- investigations of the insured by regulators and other authorities
- legal costs
- settlement fees and compensation payouts
- costs incurred by replacing or restoring documents
- PR and crisis management costs following a claim.
Sometimes, cyber breaches may not fall within the scope of a media liability policy. When this is the case, insurers typically offer cyber insurance as an optional add-on which they can integrate into a media liability policy for an extra cost, or as a separate policy which can be taken out alongside media liability. Other common optional add-ons to a media liability policy include:
- business interruption: this cover can pay for any lost revenue caused by the claim
- legal defence costs for criminal proceedings
- mitigation costs: some policies can pay for mitigation measures designed to rectify any mistakes or torts before they lead to a lawsuit.
Are there any key exclusions?
What’s covered and excluded by a media liability policy varies from provider to provider. That said, many errors and omissions or professional indemnity insurance policies exclude claims relating to bodily injury, which tends to be the case for media liability insurance, too. Other typical exclusions are:
- dishonesty: many insurers will not cover claims resulting from fraudulent or dishonest acts or omissions committed by the insured
- controlling interest: typically any allegations made against the insured by an entity in which the insured party has a controlling interest, or by an entity which has a controlling interest in the insured company
- claims relating to employment
- breach of contract
- geographical limits: many insurers refuse to insure claims that come under North American jurisdiction, or they may charge extra for coverage in the USA and Canada
- goods and services: any claims arising from faulty products or services would typically require products liability insurance.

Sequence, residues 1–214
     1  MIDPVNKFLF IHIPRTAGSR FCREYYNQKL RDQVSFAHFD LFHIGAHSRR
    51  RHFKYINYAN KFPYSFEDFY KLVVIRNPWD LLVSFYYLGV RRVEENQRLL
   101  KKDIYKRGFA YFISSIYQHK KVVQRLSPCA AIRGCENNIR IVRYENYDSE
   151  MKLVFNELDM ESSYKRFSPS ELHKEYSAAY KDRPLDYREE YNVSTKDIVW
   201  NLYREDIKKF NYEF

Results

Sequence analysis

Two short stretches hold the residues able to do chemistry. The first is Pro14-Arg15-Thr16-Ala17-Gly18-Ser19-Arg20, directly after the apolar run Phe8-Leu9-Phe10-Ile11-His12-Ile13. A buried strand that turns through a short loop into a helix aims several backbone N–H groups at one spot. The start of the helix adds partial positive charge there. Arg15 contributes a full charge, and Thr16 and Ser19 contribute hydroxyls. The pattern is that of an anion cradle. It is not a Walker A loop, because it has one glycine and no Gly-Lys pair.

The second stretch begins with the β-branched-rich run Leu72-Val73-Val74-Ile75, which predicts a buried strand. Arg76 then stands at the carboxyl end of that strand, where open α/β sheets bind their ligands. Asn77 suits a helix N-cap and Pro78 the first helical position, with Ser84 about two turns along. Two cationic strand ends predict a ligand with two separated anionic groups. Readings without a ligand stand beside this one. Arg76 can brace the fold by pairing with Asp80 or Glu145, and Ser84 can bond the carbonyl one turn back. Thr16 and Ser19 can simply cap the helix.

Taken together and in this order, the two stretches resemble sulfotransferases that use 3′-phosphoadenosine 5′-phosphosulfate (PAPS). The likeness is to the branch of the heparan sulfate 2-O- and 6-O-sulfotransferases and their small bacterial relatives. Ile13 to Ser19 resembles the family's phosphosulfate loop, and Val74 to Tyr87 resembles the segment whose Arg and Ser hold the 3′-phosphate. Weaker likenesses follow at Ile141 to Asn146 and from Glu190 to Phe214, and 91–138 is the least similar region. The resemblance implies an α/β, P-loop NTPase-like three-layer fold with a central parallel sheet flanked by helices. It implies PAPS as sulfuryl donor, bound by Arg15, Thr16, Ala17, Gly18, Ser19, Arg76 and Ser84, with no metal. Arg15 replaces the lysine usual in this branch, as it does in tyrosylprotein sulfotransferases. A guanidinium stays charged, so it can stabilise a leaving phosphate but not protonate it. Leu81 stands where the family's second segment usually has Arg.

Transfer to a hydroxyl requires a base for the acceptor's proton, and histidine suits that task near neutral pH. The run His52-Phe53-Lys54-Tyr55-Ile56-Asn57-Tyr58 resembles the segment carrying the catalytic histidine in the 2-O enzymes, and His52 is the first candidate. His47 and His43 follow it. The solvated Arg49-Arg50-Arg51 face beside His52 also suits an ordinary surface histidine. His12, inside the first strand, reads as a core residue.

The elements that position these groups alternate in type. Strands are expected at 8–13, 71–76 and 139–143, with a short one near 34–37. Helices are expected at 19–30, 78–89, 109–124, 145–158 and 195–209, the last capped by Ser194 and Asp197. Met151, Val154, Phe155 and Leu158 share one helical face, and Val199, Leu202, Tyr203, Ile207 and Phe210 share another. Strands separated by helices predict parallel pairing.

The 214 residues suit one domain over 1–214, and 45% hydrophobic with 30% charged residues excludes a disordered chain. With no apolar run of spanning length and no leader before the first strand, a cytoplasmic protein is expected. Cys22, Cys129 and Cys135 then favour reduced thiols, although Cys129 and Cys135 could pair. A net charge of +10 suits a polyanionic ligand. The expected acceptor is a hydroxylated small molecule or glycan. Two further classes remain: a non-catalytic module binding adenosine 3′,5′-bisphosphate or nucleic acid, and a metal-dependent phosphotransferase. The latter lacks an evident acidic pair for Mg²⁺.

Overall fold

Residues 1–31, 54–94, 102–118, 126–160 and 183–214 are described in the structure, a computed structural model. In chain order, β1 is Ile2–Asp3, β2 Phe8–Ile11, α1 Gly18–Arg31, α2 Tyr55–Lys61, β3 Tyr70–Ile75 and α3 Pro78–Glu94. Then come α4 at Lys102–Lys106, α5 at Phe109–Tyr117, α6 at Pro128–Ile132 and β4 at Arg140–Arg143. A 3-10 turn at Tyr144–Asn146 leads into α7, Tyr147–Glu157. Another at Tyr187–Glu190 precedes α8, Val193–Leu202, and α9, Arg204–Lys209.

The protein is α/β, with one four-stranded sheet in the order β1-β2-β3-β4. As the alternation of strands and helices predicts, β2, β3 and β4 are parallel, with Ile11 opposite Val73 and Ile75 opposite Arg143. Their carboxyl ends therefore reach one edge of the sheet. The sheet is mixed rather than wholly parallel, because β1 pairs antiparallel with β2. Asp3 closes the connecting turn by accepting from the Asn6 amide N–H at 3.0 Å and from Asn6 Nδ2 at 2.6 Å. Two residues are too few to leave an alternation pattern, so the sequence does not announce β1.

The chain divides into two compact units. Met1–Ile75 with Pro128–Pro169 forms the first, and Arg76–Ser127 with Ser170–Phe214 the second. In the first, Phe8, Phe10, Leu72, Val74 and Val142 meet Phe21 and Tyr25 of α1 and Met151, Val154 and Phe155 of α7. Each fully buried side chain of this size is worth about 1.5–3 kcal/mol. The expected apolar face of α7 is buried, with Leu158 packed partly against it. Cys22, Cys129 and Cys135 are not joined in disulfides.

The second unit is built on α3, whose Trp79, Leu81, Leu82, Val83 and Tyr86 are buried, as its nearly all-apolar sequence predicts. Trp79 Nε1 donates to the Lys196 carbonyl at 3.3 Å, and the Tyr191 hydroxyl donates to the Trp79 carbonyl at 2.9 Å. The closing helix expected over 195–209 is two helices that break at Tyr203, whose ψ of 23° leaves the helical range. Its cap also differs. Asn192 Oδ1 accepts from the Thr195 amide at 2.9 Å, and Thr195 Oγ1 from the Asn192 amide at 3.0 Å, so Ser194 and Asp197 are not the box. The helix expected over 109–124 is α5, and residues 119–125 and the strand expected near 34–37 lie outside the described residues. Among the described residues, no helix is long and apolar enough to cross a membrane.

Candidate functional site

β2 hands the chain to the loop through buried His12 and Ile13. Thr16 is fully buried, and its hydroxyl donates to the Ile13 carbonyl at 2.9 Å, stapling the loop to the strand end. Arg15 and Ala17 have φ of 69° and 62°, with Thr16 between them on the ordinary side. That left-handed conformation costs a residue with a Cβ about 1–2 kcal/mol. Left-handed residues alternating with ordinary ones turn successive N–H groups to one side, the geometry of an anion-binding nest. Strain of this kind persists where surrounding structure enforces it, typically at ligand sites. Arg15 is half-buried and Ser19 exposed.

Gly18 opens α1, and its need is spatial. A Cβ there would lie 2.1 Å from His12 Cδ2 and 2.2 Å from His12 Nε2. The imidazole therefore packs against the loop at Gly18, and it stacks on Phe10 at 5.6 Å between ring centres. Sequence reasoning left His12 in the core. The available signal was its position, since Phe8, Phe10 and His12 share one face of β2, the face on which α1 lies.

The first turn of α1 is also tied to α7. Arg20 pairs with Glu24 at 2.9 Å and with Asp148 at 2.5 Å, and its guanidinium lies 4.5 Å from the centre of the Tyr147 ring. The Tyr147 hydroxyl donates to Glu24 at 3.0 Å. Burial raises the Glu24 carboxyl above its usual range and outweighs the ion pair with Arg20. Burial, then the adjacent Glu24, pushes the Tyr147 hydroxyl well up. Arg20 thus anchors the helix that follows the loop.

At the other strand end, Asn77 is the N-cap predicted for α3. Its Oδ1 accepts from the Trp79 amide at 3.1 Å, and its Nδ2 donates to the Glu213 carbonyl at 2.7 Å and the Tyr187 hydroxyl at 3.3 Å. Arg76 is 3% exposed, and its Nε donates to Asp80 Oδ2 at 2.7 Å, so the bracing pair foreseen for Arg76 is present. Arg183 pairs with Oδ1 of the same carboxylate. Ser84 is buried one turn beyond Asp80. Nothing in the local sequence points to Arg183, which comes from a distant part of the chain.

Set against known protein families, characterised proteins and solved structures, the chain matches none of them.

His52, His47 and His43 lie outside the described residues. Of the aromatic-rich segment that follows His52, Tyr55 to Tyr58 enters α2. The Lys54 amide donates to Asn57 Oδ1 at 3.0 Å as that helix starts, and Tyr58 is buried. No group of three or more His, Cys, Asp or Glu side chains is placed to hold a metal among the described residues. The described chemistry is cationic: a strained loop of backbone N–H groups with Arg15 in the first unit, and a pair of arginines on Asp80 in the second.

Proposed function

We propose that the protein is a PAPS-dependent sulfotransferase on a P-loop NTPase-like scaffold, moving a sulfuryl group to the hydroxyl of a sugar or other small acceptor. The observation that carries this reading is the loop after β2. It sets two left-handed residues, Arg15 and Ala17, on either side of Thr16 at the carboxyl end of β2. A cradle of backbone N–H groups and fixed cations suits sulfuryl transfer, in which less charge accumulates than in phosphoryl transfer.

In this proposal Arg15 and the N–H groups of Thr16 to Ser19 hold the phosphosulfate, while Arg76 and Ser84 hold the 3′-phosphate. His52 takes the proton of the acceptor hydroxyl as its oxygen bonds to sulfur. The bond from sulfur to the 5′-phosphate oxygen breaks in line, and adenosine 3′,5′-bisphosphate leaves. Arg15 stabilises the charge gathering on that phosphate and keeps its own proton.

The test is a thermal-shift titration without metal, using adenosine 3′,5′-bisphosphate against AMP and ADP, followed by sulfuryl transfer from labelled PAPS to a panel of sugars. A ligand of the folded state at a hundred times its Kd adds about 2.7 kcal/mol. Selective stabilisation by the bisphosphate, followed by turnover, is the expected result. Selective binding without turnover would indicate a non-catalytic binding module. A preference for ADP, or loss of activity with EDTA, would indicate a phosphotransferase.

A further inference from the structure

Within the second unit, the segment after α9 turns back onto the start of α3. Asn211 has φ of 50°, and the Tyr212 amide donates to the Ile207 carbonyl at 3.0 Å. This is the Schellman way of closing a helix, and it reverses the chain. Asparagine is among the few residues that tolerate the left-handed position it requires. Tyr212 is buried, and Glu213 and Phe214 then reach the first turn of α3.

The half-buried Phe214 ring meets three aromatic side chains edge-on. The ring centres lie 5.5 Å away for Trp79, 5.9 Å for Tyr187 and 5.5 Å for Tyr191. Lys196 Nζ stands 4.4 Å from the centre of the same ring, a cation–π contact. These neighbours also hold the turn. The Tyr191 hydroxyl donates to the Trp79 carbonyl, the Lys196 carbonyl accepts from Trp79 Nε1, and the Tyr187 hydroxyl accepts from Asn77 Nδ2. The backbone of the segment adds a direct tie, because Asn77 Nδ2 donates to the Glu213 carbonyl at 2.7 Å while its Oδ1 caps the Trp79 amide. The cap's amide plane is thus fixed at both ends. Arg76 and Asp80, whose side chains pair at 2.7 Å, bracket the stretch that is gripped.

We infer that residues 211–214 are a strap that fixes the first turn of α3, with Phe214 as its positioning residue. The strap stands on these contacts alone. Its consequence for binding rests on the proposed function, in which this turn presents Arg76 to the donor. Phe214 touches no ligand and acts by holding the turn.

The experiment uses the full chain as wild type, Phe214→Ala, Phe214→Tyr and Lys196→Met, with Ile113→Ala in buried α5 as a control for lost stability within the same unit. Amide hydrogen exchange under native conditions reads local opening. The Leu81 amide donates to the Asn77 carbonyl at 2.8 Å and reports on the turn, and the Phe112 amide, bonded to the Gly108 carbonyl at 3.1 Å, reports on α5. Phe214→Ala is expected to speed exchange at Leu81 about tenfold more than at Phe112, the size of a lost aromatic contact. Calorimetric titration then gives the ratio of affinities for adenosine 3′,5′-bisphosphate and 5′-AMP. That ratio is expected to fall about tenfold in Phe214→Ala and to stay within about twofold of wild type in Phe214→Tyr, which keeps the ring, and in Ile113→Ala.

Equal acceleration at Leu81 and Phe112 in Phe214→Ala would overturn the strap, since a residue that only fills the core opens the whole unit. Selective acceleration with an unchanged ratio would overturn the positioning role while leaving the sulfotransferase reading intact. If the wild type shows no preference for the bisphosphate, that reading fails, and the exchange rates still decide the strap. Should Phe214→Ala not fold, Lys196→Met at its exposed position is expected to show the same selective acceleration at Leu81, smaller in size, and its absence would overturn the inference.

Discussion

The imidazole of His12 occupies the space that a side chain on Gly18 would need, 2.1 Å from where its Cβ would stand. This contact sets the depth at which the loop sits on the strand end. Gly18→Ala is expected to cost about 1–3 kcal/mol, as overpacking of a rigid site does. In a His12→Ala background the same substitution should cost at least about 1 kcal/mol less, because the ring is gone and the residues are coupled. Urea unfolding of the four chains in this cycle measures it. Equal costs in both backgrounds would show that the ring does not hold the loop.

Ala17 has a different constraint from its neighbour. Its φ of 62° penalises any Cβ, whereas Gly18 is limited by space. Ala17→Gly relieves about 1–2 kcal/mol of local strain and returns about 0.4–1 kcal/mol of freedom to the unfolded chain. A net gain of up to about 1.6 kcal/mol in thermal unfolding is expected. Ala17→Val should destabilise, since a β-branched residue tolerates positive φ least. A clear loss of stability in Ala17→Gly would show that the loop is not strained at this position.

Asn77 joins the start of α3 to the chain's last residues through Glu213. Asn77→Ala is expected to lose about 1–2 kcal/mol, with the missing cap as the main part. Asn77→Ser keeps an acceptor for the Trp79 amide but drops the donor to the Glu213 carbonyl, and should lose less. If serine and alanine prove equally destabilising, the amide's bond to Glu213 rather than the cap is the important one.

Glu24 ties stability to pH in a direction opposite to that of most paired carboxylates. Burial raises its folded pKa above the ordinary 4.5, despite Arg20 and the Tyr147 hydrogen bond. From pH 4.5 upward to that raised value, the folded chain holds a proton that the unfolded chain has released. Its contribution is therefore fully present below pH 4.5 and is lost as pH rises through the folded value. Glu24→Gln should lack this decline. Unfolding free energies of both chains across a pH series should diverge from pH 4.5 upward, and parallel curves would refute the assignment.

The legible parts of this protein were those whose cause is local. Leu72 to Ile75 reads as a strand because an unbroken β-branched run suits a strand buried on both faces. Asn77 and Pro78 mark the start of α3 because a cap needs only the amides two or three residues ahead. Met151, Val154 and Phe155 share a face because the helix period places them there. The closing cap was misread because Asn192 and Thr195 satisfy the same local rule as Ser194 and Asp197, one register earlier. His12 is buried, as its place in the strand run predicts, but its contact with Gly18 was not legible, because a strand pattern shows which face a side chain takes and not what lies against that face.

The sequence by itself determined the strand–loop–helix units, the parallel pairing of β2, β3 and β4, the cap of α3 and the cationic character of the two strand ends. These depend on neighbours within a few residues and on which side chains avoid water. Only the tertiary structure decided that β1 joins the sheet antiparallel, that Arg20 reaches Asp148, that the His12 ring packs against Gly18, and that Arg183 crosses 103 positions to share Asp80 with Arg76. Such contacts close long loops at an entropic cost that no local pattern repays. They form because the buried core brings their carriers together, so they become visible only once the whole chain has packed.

As with any type of insurance, there are often seemingly grey areas when it comes to the cover provided. The last clause, for example, may concern businesses who provide services such as advertising services. If you find there is any perceived ambiguity in your policy, it’s imperative to go through the terms, conditions and exclusions with the insurance provider, or with a broker, before you purchase a plan.
Do I need media liability insurance?
All kinds of companies create or distribute content. From radio and TV adverts to social media banners and even promotional emails, almost every business has involvement with some form of media. Creating content carries a higher risk than distributing it, but anybody with an association to the content in question could find themselves in a claim dispute.
If you’re unsure whether you need media liability insurance, consider whether your business is involved in the creation, production or marketing of any of the following:
Any companies involved in the creation, production or marketing of any media content could find themselves liable for claims of international torts, which typically have coverage under a media liability policy. Having insurance in place can protect your profits and the financial stability of your company, as even a minor error can lead to six-figure lawsuits. A media liability policy should be a consideration for any company that creates or markets the following:
- television programmes
This list is by no means exhaustive. As such, this type of insurance tends to be relevant to the majority of businesses across the media sector. Typical media liability policyholders include:
- advertising agents
- marketing and digital marketing consultants
- graphic designers
- brand development agencies
- radio stations
- recording studios
- social media consultants
- market researchers
- editorial consultancies
- telemarketing companies
- public relations agencies.
It’s important to note that it’s not only large corporations who may need media liability insurance. Even if you are an independent graphic designer, proofreader or advertising agent, you could find yourself faced with a claim of copyright infringement, professional negligence or libel. Freelancers and sole traders are also less likely to have the financial strength to recover from the costs of a claim, should one arise.
If you’re unsure of how you could be affected by a claim, consider whether the following scenarios could apply to you.
A radio broadcaster misidentifies an unconnected person as a suspect in a criminal case during a report on air, a story which the station also proceeds to cover on its Twitter page with the same mistake. The named individual could sue the company for libel and slander, and even emotional distress due to the error. Even if the company retracted the comments and issued an apology statement, they may face a substantial compensation payout and expensive legal costs.
Intellectual property theft